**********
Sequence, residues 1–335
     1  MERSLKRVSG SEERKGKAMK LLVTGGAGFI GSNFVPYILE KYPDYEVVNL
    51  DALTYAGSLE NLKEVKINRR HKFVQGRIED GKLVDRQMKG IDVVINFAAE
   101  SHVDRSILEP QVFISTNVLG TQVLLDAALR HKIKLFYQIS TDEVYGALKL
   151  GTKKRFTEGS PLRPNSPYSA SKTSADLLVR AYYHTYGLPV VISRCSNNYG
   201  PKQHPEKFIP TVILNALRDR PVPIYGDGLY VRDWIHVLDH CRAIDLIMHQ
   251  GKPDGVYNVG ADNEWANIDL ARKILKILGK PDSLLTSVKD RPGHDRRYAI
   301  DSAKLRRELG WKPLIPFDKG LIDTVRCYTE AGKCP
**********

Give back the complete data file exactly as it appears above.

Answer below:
Sequence, residues 1–335
     1  MERSLKRVSG SEERKGKAMK LLVTGGAGFI GSNFVPYILE KYPDYEVVNL
    51  DALTYAGSLE NLKEVKINRR HKFVQGRIED GKLVDRQMKG IDVVINFAAE
   101  SHVDRSILEP QVFISTNVLG TQVLLDAALR HKIKLFYQIS TDEVYGALKL
   151  GTKKRFTEGS PLRPNSPYSA SKTSADLLVR AYYHTYGLPV VISRCSNNYG
   201  PKQHPEKFIP TVILNALRDR PVPIYGDGLY VRDWIHVLDH CRAIDLIMHQ
   251  GKPDGVYNVG ADNEWANIDL ARKILKILGK PDSLLTSVKD RPGHDRRYAI
   301  DSAKLRRELG WKPLIPFDKG LIDTVRCYTE AGKCP